by Dr. Thomas E. Davis, Colonel, USA (Ret), ©2016

(Mar. 19, 2016) — In a video at this link:, Bill Whittle relates a story about a Major who was finding less and less time to train his personnel in the important skills they would need to carry out their mission. The Major’s superior gave him an order to do something that further got in the way of the training mission. The Major stated, “Sir, I Will Not Obey That Order!” Was the Major within his rights?

The major was absolutely right, if the order was in any way IMPROPER.  The Oath he took reads as follows, I, _____, having been appointed an officer in the Army of the United States, as indicated above in the grade of _____ do solemnly swear (or affirm) that I will support and defend the Constitution of the United States against all enemies, foreign and domestic, that I will bear true faith and allegiance to the same; that I take this obligation freely, without any mental reservations or purpose of evasion; and that I will well and faithfully discharge the duties of the office upon which I am about to enter; So help me God.” (DA Form 71, 1 August 1959, for officers.)”

The Oath taken by enlisted personnel contains words as follows, “I, _____, do solemnly swear (or affirm) that I will support and defend the Constitution of the United States against all enemies, foreign and domestic; that I will bear true faith and allegiance to the same; and that I will obey the orders of the President of the United States and the orders of the officers appointed over me, according to regulations and the Uniform Code of Military Justice. So help me God.” (Title 10, US Code; Act of 5 May 1960 replacing the wording first adopted in 1789, with amendment effective 5 October 1962).

I was caught up in a similar circumstance in 1954. Allow me to amplify in order that the reader will understand the potential consequences for at least a minor disaster.

I was a First Lieutenant in the Military Police and was at the time the Acting Commanding Officer of the 209th MP Company at Kobe Base, Japan. The Commanding Officer, Vincent I. Olsen, was on leave. The Provost Marshal, who had operational control over the Military Police resources, Major Robert Sabolek [sp], issued an order that any Military Policeman involved in an accident while operating a Military Police vehicle was to be Courts-Martialed.

I was Duty Officer during one 24-hour period when a Corporal Gonzalez was involved in an accident with a Japanese-owned-and-operated, three-wheel vehicle. I was summoned via radio to the scene. Several Japanese police officers were already there. I was quite proficient in the Japanese language and the Japanese officers told me that the Japanese driver was totally at fault and had been taken into custody and that Cpl. Gonzalez had, in fact, taken appropriate evasive action.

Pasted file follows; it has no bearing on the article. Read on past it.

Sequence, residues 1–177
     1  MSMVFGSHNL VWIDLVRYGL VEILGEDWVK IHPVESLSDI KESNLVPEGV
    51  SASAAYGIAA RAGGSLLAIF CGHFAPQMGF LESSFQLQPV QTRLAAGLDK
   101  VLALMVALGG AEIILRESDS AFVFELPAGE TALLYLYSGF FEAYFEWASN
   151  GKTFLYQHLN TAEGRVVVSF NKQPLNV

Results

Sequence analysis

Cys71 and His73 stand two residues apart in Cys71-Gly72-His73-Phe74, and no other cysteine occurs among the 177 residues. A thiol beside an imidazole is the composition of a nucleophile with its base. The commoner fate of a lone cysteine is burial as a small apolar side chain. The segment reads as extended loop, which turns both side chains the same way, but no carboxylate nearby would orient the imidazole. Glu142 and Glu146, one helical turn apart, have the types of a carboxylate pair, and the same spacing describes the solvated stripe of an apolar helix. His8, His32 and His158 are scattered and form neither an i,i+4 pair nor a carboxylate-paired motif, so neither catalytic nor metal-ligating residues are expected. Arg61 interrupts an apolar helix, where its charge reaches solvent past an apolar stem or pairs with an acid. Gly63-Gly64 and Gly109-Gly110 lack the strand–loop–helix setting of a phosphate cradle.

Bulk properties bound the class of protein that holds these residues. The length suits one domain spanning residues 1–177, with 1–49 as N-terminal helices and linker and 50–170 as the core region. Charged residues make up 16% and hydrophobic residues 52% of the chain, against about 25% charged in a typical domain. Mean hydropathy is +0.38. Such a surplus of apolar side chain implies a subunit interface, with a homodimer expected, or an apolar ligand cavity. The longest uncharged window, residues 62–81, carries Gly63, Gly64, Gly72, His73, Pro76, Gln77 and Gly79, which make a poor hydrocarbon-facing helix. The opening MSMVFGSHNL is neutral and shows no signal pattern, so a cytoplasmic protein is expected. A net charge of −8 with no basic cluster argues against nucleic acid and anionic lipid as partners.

The following morning, I was summoned to the Office of the Provost Marshal. I entered, saluted and reported to Major Sabolek. Under usual and normal procedures, Sabolek would have stated, “At Ease, Lieutenant.” He very curtly and brusquely asked, “Lieutenant Davis, have you read my order?” I asked to which order was he referring.  He replied, “You know damned well which order; the one about MPs will be Courts-Martialed if they have an accident.” I relayed that I had read it and immediately, Sabolek asked, “Well, then, where are the papers requesting the Courts-Martial?”

I replied, “Sir, that is an ‘Illegal Order’ with which I cannot and will not comply.” Sabolek turned red and looked towards his deputy, a Captain Pressman, and, nearly shouting, said, “Did you hear that, Pressman? Davis is disobeying my order.”  Captain Pressman, to my surprise and some relief, responded, “Colonel, I advised you when you had that order prepared that it was an illegal order. Lieutenant Davis is acting properly.” Sabolek was red in the face and visibly angry. He almost shouted, “Dismissed.” I did an “about-face” and departed.

Several months later Captain Olsen and his family and I with my family left Kobe and headed for the USA. During that sea voyage, Captain Olsen, while dancing with my wife, imparted to her that he had given me a good OER (Officer Efficiency Report). In those days the OER consisted of eight sections. The highest rating in seven of them was, I believe, (8) and in the remaining one it was a (9). In my commissioned service up until that time, I had never received a score less than (8). I expected another nearly perfect rating.

My next assignment was to the Army Language School at the Presidio of Monterey, CA, to study Russian. Sometime in June or July, I received a letter from the Department of the Army, notifying me that I had been passed over for selection to the grade of Captain. I knew this could not be since I had always received superlative OERs. In any event I was not yet due for promotion.